Marian also sees the old women at first, to have “bird claws”, and feels like she is “being caught in a robbers’ cave, just before one is murdered”. It is because of this, that Marian runs a mile from this ordeal, as if she is indeed running from hell on earth. She feels no remorse or guilt by doing this, whereas the curate feels he has betrayed Mrs. Chundle “like Peter at cockcrow” – a reference to St. Peter, when he realised that he had betrayed Jesus. The curate’s life will be slightly changed as a result of Mrs.
Chundle, but Marian will never look back. A profile of the curate is built wonderfully by the different adjectives that Thomas Hardy uses to describe him and his actions, even if they do sometimes contradict. It is clear to see, that he is “meek”; but when he is on a mission, he can “stride” purposefully, and be “the zealous young man” that he needs to be. Thomas Hardy also describes him as “a black shape” – traditionally associated with sin, “on the hot white” – conventionally associated with purity (in this case, of the rest of the world).
If this is not a beautiful example of how an author can use language to contribute to textual meanings, then please feel free to shoot me. * Though most of the ideas to be taken out of the stories cannot be seen at face value, the facts stated in both stories must not be ignored. Mrs. Chundle lives in a very close-knit community, where her neighbours will all come together to support her if she is unwell, or carry out her last wishes if she dies. She lives in an area of rural wealth; she has everything that she needs, from her food (vegetables) to her cottage.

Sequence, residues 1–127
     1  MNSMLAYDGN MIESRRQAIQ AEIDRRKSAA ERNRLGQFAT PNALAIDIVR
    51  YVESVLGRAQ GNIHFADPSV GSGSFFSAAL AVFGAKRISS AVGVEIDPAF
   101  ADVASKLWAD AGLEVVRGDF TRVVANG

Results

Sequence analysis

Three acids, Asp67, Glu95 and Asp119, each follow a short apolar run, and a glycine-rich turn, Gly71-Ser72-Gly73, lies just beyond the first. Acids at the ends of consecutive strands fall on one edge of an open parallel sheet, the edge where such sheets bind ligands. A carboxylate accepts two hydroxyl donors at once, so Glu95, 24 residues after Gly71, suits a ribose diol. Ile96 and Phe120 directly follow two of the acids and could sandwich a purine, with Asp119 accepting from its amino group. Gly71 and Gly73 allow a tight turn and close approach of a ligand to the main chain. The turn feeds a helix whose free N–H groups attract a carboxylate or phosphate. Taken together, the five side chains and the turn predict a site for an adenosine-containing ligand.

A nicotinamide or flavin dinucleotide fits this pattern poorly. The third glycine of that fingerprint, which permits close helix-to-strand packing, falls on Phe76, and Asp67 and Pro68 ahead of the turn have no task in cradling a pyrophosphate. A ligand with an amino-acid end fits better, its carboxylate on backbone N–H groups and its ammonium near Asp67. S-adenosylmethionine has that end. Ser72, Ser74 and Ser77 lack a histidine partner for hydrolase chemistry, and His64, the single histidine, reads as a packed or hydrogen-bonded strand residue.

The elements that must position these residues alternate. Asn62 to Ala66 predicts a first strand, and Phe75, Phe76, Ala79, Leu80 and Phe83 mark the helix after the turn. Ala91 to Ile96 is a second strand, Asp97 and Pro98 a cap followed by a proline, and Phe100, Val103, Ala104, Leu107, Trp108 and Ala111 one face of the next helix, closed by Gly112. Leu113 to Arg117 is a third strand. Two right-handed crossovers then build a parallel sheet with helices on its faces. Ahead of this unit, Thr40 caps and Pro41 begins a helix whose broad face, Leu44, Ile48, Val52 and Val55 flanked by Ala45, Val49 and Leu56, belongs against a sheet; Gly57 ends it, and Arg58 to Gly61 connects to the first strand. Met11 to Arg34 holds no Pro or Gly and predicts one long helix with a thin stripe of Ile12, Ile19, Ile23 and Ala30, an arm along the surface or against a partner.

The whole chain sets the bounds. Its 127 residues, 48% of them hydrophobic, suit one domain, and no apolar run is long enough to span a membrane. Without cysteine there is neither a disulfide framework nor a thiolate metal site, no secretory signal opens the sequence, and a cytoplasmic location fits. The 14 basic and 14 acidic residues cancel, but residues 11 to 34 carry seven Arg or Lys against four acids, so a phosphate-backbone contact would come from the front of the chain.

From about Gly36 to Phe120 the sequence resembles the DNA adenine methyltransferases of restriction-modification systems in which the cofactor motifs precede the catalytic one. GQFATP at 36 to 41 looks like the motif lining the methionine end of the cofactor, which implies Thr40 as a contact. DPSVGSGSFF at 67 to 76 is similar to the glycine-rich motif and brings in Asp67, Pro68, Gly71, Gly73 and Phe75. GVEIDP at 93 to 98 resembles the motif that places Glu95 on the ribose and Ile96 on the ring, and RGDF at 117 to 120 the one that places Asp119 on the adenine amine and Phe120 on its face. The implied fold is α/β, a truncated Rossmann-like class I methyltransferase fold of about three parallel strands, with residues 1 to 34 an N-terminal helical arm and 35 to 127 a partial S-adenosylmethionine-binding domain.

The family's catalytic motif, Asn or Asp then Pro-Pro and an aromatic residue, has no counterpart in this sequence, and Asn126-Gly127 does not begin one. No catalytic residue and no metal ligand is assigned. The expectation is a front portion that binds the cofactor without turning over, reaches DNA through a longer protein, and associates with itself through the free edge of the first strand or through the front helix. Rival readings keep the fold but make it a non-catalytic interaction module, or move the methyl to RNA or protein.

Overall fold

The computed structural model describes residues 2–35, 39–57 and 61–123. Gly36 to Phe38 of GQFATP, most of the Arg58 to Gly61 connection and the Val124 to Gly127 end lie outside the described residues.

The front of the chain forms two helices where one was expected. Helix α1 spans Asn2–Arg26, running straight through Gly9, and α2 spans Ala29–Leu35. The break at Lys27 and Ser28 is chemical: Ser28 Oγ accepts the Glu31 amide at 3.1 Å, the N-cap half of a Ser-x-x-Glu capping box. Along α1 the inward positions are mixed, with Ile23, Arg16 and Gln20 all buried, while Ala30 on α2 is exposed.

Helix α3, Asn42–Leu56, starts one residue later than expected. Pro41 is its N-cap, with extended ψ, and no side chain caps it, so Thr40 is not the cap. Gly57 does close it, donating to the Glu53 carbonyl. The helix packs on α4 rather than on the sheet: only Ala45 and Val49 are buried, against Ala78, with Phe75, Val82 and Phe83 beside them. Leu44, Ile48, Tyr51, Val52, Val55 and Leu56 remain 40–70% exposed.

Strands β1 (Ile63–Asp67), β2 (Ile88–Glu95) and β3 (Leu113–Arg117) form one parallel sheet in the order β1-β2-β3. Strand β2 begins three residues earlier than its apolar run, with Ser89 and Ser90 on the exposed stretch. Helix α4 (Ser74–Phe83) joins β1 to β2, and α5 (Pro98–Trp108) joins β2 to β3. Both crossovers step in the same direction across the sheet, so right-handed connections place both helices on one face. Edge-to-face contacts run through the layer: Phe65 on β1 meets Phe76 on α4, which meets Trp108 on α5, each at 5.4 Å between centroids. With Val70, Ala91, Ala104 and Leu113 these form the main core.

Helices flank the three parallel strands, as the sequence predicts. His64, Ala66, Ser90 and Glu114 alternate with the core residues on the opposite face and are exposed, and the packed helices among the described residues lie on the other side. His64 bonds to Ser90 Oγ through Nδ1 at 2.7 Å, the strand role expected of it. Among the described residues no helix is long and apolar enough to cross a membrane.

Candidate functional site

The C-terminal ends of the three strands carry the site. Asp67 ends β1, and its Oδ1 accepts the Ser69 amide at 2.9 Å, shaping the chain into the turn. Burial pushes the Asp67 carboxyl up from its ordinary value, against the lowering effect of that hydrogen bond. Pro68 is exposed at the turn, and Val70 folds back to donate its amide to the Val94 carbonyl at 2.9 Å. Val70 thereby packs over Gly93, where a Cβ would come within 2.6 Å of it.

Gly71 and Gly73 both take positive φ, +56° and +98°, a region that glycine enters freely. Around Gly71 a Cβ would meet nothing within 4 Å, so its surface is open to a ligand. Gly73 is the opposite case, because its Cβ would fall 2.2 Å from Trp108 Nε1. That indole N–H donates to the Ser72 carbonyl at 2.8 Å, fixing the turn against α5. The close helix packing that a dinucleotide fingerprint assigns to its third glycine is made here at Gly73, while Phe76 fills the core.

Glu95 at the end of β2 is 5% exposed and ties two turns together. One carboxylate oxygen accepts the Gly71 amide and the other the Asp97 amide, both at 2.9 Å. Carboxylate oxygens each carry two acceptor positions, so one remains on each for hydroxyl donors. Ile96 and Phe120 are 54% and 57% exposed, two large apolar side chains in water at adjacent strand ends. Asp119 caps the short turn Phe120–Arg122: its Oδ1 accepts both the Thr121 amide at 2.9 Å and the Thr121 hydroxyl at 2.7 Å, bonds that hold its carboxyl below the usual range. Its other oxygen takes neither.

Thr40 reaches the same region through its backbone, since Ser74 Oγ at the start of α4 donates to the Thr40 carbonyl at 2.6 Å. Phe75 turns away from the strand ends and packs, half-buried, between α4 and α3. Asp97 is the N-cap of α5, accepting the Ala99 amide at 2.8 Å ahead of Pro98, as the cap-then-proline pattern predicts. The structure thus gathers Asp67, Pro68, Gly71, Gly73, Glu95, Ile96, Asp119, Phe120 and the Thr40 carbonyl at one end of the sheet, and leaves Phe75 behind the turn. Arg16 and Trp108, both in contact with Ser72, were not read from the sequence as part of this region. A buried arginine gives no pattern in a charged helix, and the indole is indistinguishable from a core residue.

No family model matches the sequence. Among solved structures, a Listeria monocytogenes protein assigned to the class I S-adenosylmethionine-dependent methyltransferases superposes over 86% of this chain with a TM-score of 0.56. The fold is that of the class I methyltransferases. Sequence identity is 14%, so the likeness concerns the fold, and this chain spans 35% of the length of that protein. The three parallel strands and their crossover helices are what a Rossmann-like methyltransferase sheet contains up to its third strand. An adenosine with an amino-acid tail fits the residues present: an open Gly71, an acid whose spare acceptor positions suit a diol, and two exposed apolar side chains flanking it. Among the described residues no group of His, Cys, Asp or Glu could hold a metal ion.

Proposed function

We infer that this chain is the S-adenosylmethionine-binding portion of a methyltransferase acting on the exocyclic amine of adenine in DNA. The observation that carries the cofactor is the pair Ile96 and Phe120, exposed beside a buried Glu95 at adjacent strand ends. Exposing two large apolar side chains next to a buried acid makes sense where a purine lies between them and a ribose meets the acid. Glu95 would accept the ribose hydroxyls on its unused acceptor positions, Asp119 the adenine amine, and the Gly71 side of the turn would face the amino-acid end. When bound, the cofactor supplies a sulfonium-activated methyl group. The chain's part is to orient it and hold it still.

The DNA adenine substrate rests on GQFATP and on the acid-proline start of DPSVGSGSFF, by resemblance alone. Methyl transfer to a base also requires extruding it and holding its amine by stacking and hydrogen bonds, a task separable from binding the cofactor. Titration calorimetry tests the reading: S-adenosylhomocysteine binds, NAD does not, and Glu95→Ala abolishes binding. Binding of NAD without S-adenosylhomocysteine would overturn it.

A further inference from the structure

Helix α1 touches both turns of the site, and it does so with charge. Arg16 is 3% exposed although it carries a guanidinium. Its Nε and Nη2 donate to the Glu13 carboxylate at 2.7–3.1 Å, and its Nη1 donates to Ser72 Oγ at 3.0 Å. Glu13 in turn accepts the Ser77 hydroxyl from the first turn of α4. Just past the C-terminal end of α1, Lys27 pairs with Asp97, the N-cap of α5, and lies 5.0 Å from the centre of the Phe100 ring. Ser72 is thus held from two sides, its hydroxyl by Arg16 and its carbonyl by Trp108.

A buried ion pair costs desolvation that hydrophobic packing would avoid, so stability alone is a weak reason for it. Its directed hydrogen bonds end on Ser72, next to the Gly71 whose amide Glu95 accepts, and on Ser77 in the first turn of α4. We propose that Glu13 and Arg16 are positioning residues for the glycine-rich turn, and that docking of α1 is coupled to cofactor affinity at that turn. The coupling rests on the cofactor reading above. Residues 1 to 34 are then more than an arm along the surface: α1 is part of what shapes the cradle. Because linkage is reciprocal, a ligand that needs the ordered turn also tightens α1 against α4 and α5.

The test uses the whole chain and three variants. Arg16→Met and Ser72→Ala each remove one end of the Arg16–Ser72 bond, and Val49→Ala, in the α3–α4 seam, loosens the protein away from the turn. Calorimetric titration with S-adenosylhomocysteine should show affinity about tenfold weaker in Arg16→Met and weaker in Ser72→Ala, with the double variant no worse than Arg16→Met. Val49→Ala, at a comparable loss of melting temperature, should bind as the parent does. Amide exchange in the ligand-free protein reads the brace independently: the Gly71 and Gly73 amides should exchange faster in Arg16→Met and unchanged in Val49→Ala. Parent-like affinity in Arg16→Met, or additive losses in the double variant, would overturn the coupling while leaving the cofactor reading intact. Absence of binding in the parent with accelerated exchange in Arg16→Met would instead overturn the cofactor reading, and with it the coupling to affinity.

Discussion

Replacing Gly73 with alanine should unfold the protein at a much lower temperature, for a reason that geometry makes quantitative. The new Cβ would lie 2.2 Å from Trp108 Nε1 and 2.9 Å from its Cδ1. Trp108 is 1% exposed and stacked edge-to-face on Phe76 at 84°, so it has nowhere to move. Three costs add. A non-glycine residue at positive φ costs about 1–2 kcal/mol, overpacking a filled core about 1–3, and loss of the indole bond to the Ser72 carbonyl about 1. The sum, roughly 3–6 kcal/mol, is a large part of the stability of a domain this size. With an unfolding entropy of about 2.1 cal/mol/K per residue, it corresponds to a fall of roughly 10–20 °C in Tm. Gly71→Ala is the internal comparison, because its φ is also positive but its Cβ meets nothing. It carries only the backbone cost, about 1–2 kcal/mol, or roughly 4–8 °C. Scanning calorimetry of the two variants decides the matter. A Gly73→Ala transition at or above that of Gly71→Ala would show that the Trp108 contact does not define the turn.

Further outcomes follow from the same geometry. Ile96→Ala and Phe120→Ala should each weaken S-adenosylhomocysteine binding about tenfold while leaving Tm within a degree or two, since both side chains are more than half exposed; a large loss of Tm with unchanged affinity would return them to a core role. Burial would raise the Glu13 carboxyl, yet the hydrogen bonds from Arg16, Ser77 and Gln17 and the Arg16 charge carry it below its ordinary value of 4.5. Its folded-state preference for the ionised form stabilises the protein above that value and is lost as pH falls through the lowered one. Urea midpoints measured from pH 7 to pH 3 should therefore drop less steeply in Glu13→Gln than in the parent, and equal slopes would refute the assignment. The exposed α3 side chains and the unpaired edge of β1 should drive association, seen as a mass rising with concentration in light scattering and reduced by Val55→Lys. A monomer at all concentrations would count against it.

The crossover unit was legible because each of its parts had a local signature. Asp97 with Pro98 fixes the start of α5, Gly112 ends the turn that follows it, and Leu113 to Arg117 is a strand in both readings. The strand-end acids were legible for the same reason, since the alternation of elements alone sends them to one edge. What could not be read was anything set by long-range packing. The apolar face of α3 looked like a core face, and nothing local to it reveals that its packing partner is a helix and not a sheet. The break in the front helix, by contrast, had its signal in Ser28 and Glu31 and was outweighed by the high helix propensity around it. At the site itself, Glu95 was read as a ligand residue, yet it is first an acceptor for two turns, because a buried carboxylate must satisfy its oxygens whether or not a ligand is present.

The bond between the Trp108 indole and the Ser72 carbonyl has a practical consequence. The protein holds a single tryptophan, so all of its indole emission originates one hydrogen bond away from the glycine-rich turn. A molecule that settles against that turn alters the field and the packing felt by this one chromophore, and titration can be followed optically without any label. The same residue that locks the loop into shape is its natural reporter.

In urban 20th century America, however, it is obvious that the state is not quite sure how to handle the old people “situation”. The elderly are simply locked away in institutions, where they are treated as objects. It is because of this difference that I believe that Old Mrs. Chundle achieves a lot more as a short story than A Visit of Charity does. A Visit of Charity is more of an outright criticism of old age homes, and the society that has created them. It generates a rather overdrawn and blatant picture of hell, and therefore lacks the humour and subtleness of criticism that Hardy achieves so well.
In my opinion, Old Mrs. Chundle leaves it to the reader to decide whether it is a criticism of the church, whether it is a drama, whether it is a dark comedy, or whether it is all three. The rather ironically titled “A Visit of Charity” tackles the issues that it presents quite well. I think that at some stage in our lives, we have all had to deal with the elderly, and wished we could simply shirk our responsibilities, and run off into the sunset – apple in hand, like Marian did. But when it comes down to it, the twist, as it where, at the end of Old Mrs.
Chundle, really teaches the reader about the relationship that the young should be having with the old. Old people deserve respect, as they do possess some skills; and should not be disregarded onto the scrap heap of life, as many lessons can be learnt from them. The elderly person may also have a deep respect for you, which if not mutual, can leave both parties with a bitter aftertaste, that can do no one any good. As Spike Milligan once put it, “When you get to be my age sunshine, you’ll wish you could remember something witty to say to people like yourself”.